Comparing the economy during Notley’s & Kenney’s first years in office

Last week, I reported on Alberta’s economic environment for 2019. I also framed the story as the economy under Jason Kenney’s first year. Someone asked me to do the same thing for Rachel Notley’s first year.

Last week, I reported on Alberta’s economic environment for 2019, specifically how it compared to 2018’s. I also framed the story as the economy under Jason Kenney’s first year.

When I shared it on Facebook, someone asked me to do the same thing for Rachel Notley’s first year. Here’s what Alberta’s economy looked like in 2015.

Alberta Activity Index

The first metric in the data was the Alberta Activity Index, which is a weighted average of the following 9 monthly indicators:

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  • Employment
  • Average weekly earnings
  • Retail trade
  • Wholesale trade
  • Manufacturing shipments
  • New truck sales
  • Housing starts
  • Rigs drilling
  • Oil production

Introduced in 1981, the AAX had steadily increased since then, other than a dip in 2008/2009 and again in 2014/2015. The 2015 data I accessed didn’t report on the AAX, but see the chart below.

Alberta Activity Index Data Table (January 1981 to April 2020)

AAX fell in every month of 2015. In fact, by March 2015, it had already dropped below 2014’s lowest point.


Employment under the PC’s last year had increased 2.2%. It also increased under the NDP’s first year: by 1.2%. The participation rate increased from 72.7% in 2014 to 73.0% in 2015, which helped bump the unemployment rate to 6.0% in 2015 from the 4.7% it was the year before.

Weekly earnings had decreased to $1,146 in 2015 from $1,149 in 2014.

Consumer behaviour

In 2014, retail sales were $78.6 billion in Alberta, an increase of 7.5% over 2013. They dropped by 4.6% in 2015 to $75 billion.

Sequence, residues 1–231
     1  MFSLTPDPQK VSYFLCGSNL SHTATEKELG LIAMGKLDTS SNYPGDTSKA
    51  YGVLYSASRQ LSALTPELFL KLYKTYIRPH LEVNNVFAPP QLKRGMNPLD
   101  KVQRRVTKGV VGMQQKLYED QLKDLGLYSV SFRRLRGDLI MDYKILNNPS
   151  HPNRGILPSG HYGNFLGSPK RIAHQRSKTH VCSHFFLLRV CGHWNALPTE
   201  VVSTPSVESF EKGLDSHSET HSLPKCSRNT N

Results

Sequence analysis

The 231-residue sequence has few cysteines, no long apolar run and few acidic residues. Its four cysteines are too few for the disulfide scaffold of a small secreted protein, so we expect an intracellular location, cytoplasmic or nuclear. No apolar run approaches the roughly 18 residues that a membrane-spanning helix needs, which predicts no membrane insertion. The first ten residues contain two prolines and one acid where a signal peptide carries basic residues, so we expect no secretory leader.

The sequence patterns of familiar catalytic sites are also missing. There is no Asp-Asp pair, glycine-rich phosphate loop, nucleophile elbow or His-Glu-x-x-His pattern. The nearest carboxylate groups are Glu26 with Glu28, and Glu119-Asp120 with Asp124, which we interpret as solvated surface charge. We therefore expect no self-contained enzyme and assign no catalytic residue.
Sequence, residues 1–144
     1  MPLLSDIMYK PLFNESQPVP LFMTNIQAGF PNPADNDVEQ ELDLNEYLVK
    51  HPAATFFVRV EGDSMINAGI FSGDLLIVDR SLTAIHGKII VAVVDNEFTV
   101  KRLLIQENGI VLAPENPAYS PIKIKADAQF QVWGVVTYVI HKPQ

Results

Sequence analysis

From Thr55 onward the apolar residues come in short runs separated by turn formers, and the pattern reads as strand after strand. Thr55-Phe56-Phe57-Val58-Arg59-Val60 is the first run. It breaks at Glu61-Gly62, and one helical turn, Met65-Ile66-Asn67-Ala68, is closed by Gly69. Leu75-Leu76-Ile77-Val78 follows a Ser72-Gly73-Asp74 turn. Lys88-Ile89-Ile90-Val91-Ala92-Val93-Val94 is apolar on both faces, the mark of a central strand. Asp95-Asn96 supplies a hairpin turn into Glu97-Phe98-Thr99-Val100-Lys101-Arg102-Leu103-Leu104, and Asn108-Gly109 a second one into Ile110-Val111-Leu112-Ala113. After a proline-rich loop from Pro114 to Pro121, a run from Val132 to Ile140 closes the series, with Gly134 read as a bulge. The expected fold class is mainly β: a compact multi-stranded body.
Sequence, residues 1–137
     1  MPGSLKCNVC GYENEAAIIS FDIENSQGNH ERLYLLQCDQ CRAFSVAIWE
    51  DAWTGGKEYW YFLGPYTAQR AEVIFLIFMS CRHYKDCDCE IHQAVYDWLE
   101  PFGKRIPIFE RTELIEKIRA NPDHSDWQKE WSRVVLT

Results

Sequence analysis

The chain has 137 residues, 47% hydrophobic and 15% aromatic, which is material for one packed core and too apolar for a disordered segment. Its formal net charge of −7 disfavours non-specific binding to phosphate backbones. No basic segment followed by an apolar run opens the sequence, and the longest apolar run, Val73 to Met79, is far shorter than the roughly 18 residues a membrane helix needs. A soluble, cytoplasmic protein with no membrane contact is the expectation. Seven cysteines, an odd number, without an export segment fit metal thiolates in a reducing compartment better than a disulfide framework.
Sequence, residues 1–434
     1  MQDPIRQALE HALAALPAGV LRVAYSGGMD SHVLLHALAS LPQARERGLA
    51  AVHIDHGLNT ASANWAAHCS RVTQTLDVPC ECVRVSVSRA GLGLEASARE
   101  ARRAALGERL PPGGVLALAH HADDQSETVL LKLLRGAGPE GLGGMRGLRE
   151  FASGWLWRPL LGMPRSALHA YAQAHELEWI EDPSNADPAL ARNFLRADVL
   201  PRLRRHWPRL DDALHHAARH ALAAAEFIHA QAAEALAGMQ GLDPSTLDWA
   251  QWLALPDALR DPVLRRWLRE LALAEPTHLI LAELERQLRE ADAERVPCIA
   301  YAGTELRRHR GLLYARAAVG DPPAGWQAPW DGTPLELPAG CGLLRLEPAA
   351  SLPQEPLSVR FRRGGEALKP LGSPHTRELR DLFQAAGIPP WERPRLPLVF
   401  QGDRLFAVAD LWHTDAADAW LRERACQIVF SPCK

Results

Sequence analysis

New vehicle sales were also down—242,000, compared to 277,000—a 12.7% drop in 2015.

The consumer price index was up 1.1% in 2015, compared to an increase of 2.6% in 2014.

Housing starts were down by 8.1% in 2015.

The number of consumer bankruptcies were up by 13.5% in 2015.

Business behaviour

During 2015, Alberta’s business sector exported $92.4 billion worth of goods, a 23.9% decrease over the $121.5 billion in 2014. Energy exports alone were lower in 2015 at $92.4 billion over 2014’s $121.5 billion, a decrease of 31.6%.

2015 saw the number of rigs drilling drop in half (120) compared to 2014 (252), which itself was 7.4% higher than the number drilling in 2013.

Manufacturing shipments were down in 2015 ($68 billion) from 2014 ($78.9 billion), which was 7.5% higher than 2013.

Wholesale trade was also lower in 2015 (13.8%) than it was in 2014, which was up by 8.1% over 2013’s trade numbers.

Now that I got those out of the way, let’s compare Notley’s first year (2015) and Kenney’s first year (2019):

AAX (monthly avg)274.3280.9
Participation rate (%)73.071.4
Unemployment (%)6.06.9
Weekly earnings$1,146$1,165
Retail sales$74,989,000$81,135,000
New vehicle sales242,000222,000
Consumer price index (% change)1.11.8
Housing starts37,30027,300
Consumer bankruptcies4,2805,589
Business exports$92,425,000$117,170,000
Energy exports$62,485,000$84,490,000
Rigs driling12092
Manufacturing shipments$68,045,000$76,189,000
Wholesale trade$79,801,000$81,450,000

Keep in mind that Alberta had a recession in 2015 and 2019’s numbers are before the stock market crash, oil price collapse, and the COVID-19 pandemic.

Even so, it’ll be interesting to see how their last years compare.

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By Kim Siever

Kim Siever is an independent queer journalist based in Lethbridge, Alberta. He writes daily news articles, focusing on politics and labour.

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